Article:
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Living Histories@UON

The most frequently visited top ten pages on Living Histories @ UON as of 12:31, 04 August 2017 were:

Page Visits
Robert Oughton Collection 2,101
Hunter Rainbow History Group 1,016
Voices of the Hunter 878
Peter Sansom Collection 873
Interview: Andrew and Bill Whitbread-Brown… 650
Mineworker Interviews 543
Mineworkers, Aberdare North Tunnel. 417
Other Occupations 279
Women Interviews 262
The Scott sisters of Ash Island 252


Baroque and Beyond

In 2015, composer David Banney encountered artist Brett McMahon’s installation work for the first time and saw in it the dynamic interplay between symmetry and broken symmetry that he was seeking in his own music. It was then that they discovered the formal and conceptual affinities between their practices and so the present exhibition came to life.

The resulting body of new work is not so much a collaboration as a convergence. Here, two interlocutors share space and time, having departed from the same pre-defined point: the elaboration of six different works, each exploring a distinct texture or emotion. In crafting their separate pieces – McMahon of torn and brooding textiles and assemblages and Banney with surging, audible motifs – their paths converge, cross over, join together, diverge, and collide.



Paxton Colliery

Poppet Head, Stanford Main Colliery

Headframe, Paxton Colliery

We have just uploaded some photos of Paxton Colliery/Stanford Main Colliery to Living Histories @ UON.  These are from the collection of Carole Knott, who has kindly allowed us to publish them. Our thanks to our community colleague, Barry Howard, for passing them on to us.

If you would like to comment on a photograph, please contact Cultural Collections or sign up as a member and add a Recollection, using these instructions.

Link: Carole Knott Collection

Memories of NUC

Opus front page

Were you a student at Newcastle University College between 1954 and 1964 (inc)? If so, you may like to read the Newcastle University College Students’ Association’s newspaper of the time – Opus. These were scanned by Davina Pellatt.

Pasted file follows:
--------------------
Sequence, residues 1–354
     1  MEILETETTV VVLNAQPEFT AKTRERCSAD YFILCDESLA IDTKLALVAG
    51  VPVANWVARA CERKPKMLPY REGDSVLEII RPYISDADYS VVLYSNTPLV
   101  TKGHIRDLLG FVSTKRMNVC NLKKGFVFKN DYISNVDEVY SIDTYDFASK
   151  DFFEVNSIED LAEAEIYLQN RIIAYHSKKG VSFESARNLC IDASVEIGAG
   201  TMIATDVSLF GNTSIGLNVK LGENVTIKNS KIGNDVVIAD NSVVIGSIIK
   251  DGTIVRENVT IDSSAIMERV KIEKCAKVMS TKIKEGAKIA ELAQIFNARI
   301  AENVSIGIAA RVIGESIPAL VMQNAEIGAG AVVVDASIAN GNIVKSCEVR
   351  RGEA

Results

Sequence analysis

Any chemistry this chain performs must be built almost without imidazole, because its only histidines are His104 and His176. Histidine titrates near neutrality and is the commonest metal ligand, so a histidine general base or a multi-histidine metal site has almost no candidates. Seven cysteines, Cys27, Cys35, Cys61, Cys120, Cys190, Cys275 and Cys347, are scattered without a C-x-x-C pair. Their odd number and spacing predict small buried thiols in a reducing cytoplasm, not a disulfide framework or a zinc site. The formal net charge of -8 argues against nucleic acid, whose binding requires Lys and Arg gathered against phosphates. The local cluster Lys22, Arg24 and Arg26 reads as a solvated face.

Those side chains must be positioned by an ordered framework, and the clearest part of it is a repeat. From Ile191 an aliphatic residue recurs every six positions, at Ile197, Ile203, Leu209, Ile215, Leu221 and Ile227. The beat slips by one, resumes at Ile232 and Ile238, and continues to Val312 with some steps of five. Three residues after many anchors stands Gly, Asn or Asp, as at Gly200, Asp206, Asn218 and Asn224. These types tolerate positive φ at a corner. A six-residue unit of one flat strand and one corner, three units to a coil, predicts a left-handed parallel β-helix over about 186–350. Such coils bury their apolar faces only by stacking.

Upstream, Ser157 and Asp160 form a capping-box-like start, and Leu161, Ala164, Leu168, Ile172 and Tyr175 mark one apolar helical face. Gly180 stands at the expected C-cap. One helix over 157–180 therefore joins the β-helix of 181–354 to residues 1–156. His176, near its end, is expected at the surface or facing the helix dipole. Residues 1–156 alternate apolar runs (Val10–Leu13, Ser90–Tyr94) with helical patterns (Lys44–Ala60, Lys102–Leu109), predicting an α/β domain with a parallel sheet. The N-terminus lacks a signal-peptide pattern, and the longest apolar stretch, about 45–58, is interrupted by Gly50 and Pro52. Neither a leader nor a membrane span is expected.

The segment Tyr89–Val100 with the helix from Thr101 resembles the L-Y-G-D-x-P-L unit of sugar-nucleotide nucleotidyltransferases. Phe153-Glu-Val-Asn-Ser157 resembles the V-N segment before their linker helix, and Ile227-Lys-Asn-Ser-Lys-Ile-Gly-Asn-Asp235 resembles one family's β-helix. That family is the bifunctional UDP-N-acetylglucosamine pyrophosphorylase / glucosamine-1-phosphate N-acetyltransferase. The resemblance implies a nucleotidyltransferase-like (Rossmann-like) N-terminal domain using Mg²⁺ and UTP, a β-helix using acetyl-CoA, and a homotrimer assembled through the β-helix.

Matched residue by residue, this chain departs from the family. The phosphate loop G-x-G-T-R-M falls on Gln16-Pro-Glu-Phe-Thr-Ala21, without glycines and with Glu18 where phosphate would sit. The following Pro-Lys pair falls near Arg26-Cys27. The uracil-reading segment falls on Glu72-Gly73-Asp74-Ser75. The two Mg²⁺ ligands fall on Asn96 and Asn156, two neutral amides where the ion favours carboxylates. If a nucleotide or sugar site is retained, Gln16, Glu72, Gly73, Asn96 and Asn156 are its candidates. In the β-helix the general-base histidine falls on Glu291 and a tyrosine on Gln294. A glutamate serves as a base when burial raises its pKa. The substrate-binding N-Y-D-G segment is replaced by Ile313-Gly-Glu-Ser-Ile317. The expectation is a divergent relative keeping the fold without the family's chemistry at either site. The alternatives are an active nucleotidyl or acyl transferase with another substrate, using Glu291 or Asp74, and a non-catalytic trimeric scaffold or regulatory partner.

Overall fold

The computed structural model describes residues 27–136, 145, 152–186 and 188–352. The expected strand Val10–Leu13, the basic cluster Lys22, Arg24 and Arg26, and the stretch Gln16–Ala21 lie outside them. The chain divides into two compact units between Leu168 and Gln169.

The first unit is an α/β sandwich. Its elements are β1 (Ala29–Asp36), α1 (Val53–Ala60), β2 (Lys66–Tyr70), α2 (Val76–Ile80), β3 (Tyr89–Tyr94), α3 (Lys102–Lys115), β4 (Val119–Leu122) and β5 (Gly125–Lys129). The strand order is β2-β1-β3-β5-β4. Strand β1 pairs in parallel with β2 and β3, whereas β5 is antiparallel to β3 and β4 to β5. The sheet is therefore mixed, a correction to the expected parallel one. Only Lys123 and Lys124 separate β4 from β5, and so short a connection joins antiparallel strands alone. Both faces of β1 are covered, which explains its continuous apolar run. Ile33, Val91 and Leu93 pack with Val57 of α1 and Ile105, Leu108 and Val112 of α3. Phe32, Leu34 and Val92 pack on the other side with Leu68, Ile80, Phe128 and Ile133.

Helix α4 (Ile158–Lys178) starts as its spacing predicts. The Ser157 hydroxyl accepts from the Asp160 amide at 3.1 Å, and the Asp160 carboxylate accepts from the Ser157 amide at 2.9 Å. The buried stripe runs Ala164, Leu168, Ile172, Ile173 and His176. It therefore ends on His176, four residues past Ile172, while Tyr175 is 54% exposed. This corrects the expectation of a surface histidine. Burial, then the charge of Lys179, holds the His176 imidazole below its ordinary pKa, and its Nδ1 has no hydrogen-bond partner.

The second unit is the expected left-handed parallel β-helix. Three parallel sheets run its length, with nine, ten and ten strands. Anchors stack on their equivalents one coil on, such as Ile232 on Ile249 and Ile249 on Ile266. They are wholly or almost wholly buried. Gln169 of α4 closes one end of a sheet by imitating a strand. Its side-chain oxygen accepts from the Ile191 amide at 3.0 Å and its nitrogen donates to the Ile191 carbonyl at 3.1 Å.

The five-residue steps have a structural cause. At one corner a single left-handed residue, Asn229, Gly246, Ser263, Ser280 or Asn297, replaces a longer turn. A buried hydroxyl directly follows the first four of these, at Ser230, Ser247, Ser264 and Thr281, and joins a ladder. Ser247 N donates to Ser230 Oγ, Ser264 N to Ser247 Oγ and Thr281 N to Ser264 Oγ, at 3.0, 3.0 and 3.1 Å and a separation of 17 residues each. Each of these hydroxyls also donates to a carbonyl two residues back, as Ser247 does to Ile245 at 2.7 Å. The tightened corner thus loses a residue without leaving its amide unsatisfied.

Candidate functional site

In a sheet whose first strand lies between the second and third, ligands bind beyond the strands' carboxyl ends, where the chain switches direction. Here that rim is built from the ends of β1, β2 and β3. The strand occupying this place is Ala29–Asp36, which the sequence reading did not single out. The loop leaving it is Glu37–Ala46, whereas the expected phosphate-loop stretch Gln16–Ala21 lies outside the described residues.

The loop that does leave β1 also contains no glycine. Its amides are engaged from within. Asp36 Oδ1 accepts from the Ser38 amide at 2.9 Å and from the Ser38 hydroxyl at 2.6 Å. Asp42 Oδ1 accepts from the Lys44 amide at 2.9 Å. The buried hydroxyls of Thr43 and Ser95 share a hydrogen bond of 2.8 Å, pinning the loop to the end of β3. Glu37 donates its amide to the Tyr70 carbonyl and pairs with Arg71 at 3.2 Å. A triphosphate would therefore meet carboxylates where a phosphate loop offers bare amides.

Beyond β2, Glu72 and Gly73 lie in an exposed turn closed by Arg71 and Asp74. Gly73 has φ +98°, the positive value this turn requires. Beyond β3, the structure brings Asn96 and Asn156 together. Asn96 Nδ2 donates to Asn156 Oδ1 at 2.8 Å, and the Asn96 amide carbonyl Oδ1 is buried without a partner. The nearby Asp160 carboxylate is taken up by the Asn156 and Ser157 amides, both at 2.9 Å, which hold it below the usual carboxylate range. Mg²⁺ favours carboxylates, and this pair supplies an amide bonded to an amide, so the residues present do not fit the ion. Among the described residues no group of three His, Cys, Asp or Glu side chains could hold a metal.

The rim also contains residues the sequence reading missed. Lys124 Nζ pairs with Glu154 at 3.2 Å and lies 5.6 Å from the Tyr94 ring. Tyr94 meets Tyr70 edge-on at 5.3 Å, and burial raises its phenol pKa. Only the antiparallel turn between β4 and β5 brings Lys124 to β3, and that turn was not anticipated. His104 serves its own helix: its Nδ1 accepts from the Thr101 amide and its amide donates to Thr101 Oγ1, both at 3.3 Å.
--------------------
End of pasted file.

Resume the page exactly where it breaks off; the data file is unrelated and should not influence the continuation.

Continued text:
Read and/or download them from our Living Histories @ UON site.

We welcome your recollections of your time at NUC. There are some instructions for adding a recollection at

The Birdwood Flag Conservation Project

Birdwood Flag After Restoration 2017

The Birdwood Flag After Conservation-2017

The Birdwood Flag Conservation Project
Amir Moghadam, UON

This blog, and the ones that will follow, look back over three and a half years to detail the preservation and conservation measures that returned the restored Birdwood flag to Newcastle’s Christ Church Cathedral in July 2017.

The posts will be presented as a narrative, relying on my own notes, images and memories and interspersing this narrative with comments from other members of the Birdwood Heritage Committee. The aim is to make an account that includes a variety of perspectives so that community members gain knowledge they can use in their own preservation projects.

“A journey of a thousand miles begins with a single step…”

The Birdwood Flag’s preservation story is well described by applying Lao Tzu’s quotation above. The first definite steps in restoring the flag were made in November 2013 following a number of comments on the flag in previous years. The reality we faced was thousands of fragments of mostly reddish looking textile stored in a plastic back within a large cardboard box in a damp vault of the Cathedral.

Birdwood Flag Before Conservation-02

The Birdwood Flag Before Conservation-2013

The other reality was the complete absence of any substantial funding and support that would be required for a major restoration. No group of people who might have the expertise to manage such a project could be identified and the one conservator at the University of Newcastle, myself, was so occupied with other projects, there was no time available, even for discussion or planning. Everything had to be established and negotiated from scratch. As a conservator, I knew this would involve the creation of a strategy for preservation of the flag to gauge the feasibility and practicality of the process. Only then could there be some negotiation between interested groups (including the University and the Cathedral) and then applications for resources, grants or other help through public and private benefactors.

As a principle of conservation, the level of material disintegration of an object is also considered. The Birdwood Flag’s utterly fragmented and delicate state would usually rule it out of consideration for restoration. The time for conservation would be judged as having expired so that any effort to restore it would be seen as pointless or worse still, as endangering the authenticity of the item. Indeed, such conservation would be perceived as blurring the lines between conservation and total re-construction of the item.